The Society of IT Managers (Socitm) has criticised the government's plans to save billions of pounds a year through the better use of information technology.
Rather than placing the emphasis on cutting costs, Socitm thinks that the government should make more of the fact that it will save money, specifically through the use of successful IT projects.
"It is disappointing that the strategy fails to discuss or demonstrate the wider opportunity for reducing cost and improving all public services through the application of ICT," said the briefing.
"We believe that a much greater emphasis should be placed on the savings that would come from better technology deployment in order to achieve the strategy's stated aim of 'improving the lives of the citizens and businesses it is here to serve'."
Socitm agrees with a lot of the government's plans, especially a continued focus on portfolio and programme management, better use of green IT, supplier management and, importantly, professionalism.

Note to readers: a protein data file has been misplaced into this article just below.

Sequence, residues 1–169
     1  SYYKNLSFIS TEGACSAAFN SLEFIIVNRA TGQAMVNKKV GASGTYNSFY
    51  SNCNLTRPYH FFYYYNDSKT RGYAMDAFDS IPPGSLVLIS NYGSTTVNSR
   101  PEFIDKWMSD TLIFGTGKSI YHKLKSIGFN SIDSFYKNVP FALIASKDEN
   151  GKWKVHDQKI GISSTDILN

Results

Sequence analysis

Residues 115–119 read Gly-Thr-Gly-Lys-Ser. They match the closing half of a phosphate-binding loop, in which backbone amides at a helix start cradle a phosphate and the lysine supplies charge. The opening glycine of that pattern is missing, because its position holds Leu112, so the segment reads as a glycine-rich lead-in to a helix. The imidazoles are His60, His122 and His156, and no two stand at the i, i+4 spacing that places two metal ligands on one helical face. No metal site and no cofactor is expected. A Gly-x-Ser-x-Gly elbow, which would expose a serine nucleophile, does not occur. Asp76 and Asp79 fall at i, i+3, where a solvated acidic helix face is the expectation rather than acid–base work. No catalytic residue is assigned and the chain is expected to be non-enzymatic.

Also key are the increased focus on data and information handling, and a greater emphasis on opportunities from new and potentially disruptive technologies.
However, the organisation warned that these should be approached with caution, and that "here and now" technologies and processes should be favoured over any that are still emerging. These include flexible working, shared services, agile implementation and customer self service.
Soctim's 'What's missing' list offers a number of recommendations, including the proposal that any service suppliers meet "mandated technical and business obligations in order to do business with government", and the suggestion that third-party users, such as the NHS, be more involved in any technical decision making.
Plans to standardise desktops should also be approached with caution, Socitm added.
"In our view, the notion of a common desktop strategy runs the risk of being out of date as soon as it is agreed, and of becoming increasingly irrelevant as user devices continue to evolve and become consumer items," the briefing said.
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